Millions of Dollars Saved With Non-Traditional Shutdown Procedures
Copper Applications in Mining & Extraction
In the small town of San Manuel, Arizona, 50 miles outside Tucson, is one of the world's largest and most productive copper smelters. USA Today and the Rochester Institute of Technology have recognized the San Manuel Smelter Rebuild Team for their design and successful execution of the precedent setting "seven-day mini-shutdown." These mini-shutdowns have saved millions of dollars each year over the standard shutdown of 45-60 days. San Manuel is preparing for a major shutdown in 1998. Successfully managing the risk of not rebuilding the smelter for ten years, has awarded us worldwide recognition for the creation of a new model for keeping a smelter running.
It was a crisis that gave birth to this new world precedent for smelter shutdowns. It was generally accepted that approximately every two or three years smelters would shut down for 45-60 days so that furnace bricks could be replaced along with other ancillary equipment. For a San Manuel shutdown, one half million dollars a day would be lost in revenue, and another $1 million a day would be spent for the maintenance work.
These figures presented an enormous dilemma for the San Manuel operators in late 1990 when the smelter (owned by Magma at the time) was approaching the two-year mark for a traditional 45-60 day shutdown. A prolonged shutdown meant concentrate from the company's mines would have to be exported to Japan. The additional cost of freight and Japanese processing fees would have hurt the company's cash flow and earnings.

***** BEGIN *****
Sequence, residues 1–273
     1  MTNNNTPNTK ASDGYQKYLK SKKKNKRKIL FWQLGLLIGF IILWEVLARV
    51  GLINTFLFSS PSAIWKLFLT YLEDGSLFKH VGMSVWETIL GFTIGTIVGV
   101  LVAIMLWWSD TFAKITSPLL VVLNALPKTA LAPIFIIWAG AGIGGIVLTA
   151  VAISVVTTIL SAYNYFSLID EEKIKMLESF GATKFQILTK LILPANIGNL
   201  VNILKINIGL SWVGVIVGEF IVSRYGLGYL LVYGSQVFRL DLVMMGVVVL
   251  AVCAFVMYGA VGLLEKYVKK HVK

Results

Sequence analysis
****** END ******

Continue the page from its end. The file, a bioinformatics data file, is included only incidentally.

Let's start at the beginning. San Manuel's original furnace was constructed in 1955 when reverberatory furnaces were the heart of copper smelting. In 1988, Newmont Mining Company (the owner before Magma) invested $149 million to replace the old furnace with a new Outokumpu flash smelting furnace. Concentrate treatment capacity would be expanded to a million tons a year and capture 98 percent of the sulfur.
The design skills of San Manuel's smelter operators were put to the test in order to keep the old smelter on-line for so many years. "Our operators had to be creative and come up with new designs and new approaches. Many of their ideas were used in the design of the new Outokumpu furnace, including the flash furnace roof design," said J. D. McCain, who recently retired as Vice President Operations.
Operating the new smelter was an enormous challenge in its first year, and the smelter had frequent shutdowns. With additional modifications, and increased operator experience, in 1990 the one million tons of concentrate mark was hit with almost no interruptions. But the dreaded traditional point for a 45-60 day shutdown was approaching rapidly, and the company couldn't afford it.
Workers were challenged to think beyond traditional maintenance and operating practices and come up with a solution. To prevent the substantial loss in revenue from a major shutdown, the decision was made to do what no one in the smelting industry had done before-postpone the shutdown for a full year.
Everyone held their breath hoping there would be no major problems-and there were none!
Most smelters shut down every two years for a major rebuild because the operators don't want to risk the enormous problems that might result without a rebuild. Managing risk means evaluating not shutting down the smelter and being exposed to the possibility of a catastrophic failure of the plant.
Innovative Seven-Day Shutdown